As has been long and laboriously established, I am something of an insufferable fanboy for a lot of silly pop-culture things. I revel in minutia, seek out the furthest flung iterations, feverishly scrutinize the incidentals and celebrate the accompanying ephemera. I have still-sealed copies of certain cassettes (!!!) and multiple copies of certain albums based solely on miniscule cover-art differences and track-listing. In some instances, I refuse to part with obsolete versions of certain media despite being no longer able to play them on anything. Yeah, I’m that guy. Sorry.
For whatever reason, I take exception to folks getting their facts wrong about comparatively silly, stupid shit that, ultimately, doesn’t really matter as much as the amount of exasperation I display might suggest. Don’t believe me? Back in 2012, I devoted a post to an error Time Out New York made in identifying a certain location in my favorite movie, “After Hours.” I took Getty Images to task for misidentifying Marky Ramone as Arturo Vega. Hell, I even railed at the New York Times for getting their facts wrong about the various lead singers of Journey …. I don’t even really LIKE Journey!
A big part of this particular syndrome, of course, is the giddy ability to chime into certain conversations to deliver roundly unsolicited corrections (usually prefaced with the cloying adverb, Actually….). In my circles, this sort of irritating behavior involves predominantly music, cinema and New York City trivia, but you’re likely to find equally noxious pedants in virtually every field of human interest. From sports to the stock market and bird-watching to trainspotting, there is doubtlessly a variant of precious nerd, geek or knowitall to suit every subject. I’m sure you know a few.
As I expounded on here, however, I try to stay full aware of these tendencies and keep them more or less in check. This blog, for example, has become instrumental in exercising these demons, as it’s better to use this platform to rant about this type of idiotic bullshit than anywhere else. By doing it here, and keeping it all in perspective, I try to keep it at least amusing and informative, and not misguided and obsessive.
Enter Dave Marin.
As profiled recently in the Wall Street Journal, Marin is a 59-year-old retired salesman from Pleasantville, NY (erstwhile home of Ace Frehley) who is singularly obsessed with an alleged inaccuracy on the sleeve of the Clash’s celebrated third album, London Calling. He is steadfastly devoted to correcting this perceived mistake. “It’s my life goal,” he remarks. Incidentally – and that’s the perfect adverb to start this next sentence, as the subject is the quintessence of incidental -– the correction in question involves the cited date of the album’s iconic cover photo. I’ll let you read the whole article -– which really belongs in The Onion -- but Marin contends that the photo, shot by Pennie Smith at the Palladium on East 14th Street, was taken the day before the notes of the sleeve would suggest. He takes this position because he says he was there and still has the ticket stub.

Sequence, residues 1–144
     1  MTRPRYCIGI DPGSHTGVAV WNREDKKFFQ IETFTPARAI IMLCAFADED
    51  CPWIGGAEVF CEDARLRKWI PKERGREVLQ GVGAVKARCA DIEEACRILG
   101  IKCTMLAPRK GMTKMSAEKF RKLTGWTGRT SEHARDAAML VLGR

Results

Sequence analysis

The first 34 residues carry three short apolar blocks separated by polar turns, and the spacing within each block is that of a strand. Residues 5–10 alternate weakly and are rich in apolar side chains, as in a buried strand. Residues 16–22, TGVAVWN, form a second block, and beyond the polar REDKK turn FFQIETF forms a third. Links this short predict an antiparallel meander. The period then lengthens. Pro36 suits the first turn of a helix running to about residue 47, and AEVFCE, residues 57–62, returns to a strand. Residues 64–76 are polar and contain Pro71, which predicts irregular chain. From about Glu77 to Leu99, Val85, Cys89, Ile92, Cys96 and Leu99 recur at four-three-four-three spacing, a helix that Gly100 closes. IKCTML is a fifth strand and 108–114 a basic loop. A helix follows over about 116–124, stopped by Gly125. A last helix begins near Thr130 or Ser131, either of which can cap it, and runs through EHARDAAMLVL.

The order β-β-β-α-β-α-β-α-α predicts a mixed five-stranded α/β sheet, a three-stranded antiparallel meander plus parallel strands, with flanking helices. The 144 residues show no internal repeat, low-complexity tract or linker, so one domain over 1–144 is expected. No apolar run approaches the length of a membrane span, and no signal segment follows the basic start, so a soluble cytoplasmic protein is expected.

Now, again, I am the fucking last person in the world who should be ridiculing this guy, but I just find this whole story so tragic. I mean, let’s say he manages to achieve his, once again, “life goal,” and get it officially corrected, resulting in any and all future, tactile re-issues –- should they ever happen -– reflecting his scrupulous amendment. Where does he go from there? I can hear him now. “At last, I can finally sleep at night, now that this great inaccuracty has been righted. Many nights have I tossed and turned, thinking that thousands upon thousands of oblivious Clash-fans were going about their lives blithely believing that Paul Simonon’s bass felt the unrelenting wrath of the Palladium floor on the 21st, when it was actually on the 20th! Those poor, deluded fools!”
It's not even that much of a quibble. I mean, if you’re going to get all super-dupe pedantic about something, at least make it something more substantial than a calendar error. That’s just fucking dull.
That did not stop him from making a video about it…
The thing is, he’s very possibly -– if not probably -- correct in his assertion. But why can’t he just have fun with it?
Speaking of having fun with it, my friend Ned on Facebook suggesting mass knockoff of Marin’s pose. I could not resist, making due with my colleague Peter’s vintage 3D copy of the Stoness’ Satanic Majesties Request.